We are concerned with the possibility of conflicting conative attitudes accounting for the resilient impressions of disagreement that most theorists argue exist in the cases under consideration. How should conflicting attitudes be explained? Two hypotheses for the conditions under which attitudinal conflicts occur have been put forward in the literature. The first condition is one of subjective rationality, and the second is one of satisfaction.

The rationality condition is what Kölbel as in mind when he describes disagreements thus: “we could not rationally accept what the other has asserted without changing our minds” (Kölbel, 2004, p. 305). The nature of the modality would need elucidation. Moreover, attitudes that are not beliefs, i.e., are non-doxastic, seem to raise further difficulties for a rationality constraint.

The satisfaction condition is what Stevenson has in mind with that sense of disagreement that “involves an opposition of attitudes both of which cannot be satisfied” (Stevenson, 1963, pp. 1–2). The two conditions can be summarized as follows.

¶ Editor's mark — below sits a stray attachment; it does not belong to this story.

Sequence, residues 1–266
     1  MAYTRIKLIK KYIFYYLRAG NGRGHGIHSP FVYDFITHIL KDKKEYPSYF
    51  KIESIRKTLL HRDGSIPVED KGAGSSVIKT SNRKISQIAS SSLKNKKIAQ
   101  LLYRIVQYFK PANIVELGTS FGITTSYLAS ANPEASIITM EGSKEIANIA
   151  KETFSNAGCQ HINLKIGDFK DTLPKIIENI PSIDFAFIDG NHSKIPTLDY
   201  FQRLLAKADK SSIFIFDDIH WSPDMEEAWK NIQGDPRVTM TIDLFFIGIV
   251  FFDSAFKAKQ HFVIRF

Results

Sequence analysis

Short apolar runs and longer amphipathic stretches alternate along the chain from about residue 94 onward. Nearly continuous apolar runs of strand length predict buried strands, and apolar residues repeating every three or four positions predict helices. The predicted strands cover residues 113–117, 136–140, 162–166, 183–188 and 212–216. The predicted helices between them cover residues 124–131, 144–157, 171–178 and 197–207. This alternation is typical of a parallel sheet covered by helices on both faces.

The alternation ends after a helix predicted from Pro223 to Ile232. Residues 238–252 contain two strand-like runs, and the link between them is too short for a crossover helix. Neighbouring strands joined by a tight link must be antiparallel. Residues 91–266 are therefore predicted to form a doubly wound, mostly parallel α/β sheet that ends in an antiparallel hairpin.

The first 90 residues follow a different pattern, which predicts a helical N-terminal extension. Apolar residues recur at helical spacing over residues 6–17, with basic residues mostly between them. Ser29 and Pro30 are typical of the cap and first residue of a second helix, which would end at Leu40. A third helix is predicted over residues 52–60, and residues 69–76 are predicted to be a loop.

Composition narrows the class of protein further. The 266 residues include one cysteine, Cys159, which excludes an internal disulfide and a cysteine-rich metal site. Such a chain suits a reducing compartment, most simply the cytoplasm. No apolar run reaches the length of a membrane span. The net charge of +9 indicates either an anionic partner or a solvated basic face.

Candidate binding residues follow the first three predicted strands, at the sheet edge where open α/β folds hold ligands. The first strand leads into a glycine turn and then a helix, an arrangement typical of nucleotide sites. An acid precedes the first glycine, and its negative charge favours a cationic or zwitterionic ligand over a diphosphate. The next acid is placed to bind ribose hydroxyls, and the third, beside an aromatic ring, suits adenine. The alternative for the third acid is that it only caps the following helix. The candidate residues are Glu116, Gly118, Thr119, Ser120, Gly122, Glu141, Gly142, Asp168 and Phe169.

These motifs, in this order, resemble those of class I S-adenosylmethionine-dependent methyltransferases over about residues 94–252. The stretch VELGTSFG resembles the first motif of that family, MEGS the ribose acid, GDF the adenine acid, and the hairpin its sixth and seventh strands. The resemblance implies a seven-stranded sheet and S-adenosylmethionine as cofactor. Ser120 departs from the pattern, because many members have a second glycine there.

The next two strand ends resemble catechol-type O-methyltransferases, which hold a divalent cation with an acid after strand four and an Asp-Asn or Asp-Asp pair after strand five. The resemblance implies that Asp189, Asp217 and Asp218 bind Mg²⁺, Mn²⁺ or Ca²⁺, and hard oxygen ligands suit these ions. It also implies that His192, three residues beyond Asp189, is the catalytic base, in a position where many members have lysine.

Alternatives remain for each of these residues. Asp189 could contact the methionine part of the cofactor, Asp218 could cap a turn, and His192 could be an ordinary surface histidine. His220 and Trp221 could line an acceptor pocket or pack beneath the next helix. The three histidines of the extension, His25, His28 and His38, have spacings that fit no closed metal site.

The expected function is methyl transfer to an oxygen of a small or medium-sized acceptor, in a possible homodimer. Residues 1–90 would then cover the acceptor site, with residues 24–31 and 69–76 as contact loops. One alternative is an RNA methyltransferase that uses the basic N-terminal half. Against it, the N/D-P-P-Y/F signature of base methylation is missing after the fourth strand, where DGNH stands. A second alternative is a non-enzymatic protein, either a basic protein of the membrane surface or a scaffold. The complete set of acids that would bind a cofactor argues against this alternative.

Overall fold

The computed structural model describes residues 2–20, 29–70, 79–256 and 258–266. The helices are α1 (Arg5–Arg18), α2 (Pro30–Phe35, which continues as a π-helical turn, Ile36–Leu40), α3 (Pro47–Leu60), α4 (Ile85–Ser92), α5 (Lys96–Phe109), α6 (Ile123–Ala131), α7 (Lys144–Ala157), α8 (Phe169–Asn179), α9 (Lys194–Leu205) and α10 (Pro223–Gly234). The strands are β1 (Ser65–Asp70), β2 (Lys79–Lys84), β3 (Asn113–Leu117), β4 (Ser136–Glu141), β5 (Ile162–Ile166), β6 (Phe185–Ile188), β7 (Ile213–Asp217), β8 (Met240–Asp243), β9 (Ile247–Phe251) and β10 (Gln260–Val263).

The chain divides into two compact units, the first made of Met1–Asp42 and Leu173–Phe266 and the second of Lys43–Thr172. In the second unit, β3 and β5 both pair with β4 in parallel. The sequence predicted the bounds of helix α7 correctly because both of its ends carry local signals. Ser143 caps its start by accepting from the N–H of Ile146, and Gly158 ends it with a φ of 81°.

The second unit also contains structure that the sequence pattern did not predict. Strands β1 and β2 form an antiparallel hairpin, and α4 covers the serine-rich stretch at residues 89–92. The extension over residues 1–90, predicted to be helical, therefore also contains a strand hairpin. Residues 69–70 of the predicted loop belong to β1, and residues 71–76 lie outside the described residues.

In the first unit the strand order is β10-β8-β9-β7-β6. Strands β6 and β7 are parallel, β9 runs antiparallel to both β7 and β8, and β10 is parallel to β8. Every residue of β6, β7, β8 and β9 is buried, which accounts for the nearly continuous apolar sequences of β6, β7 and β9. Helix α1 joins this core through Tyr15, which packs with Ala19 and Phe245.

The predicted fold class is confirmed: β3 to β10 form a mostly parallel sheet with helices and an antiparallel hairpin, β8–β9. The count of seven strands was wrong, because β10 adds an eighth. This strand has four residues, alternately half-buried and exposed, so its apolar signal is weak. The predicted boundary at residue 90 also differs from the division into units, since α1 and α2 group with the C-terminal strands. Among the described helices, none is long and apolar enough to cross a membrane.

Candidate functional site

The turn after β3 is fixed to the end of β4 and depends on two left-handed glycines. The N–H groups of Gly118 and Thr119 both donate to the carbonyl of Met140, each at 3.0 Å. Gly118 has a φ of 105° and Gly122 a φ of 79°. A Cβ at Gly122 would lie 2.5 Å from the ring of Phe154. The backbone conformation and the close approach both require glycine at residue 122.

Rationality: It is not possible for an individual to rationally have a pair of attitudes X and Y just in case there is an attitudinal conflict between subjects A and B when A has attitude X and B has attitude Y.

Satisfaction: If a subject A's attitude can be satisfied, then B's attitude cannot be satisfied.

We may however have reasons to doubt that RATIONALITY is true. It is not clear whether it is ever irrational to have a pair of conative attitudes like desires, or certain emotions (love and hate, fear and hope, say). In his Treatise, Hume argued that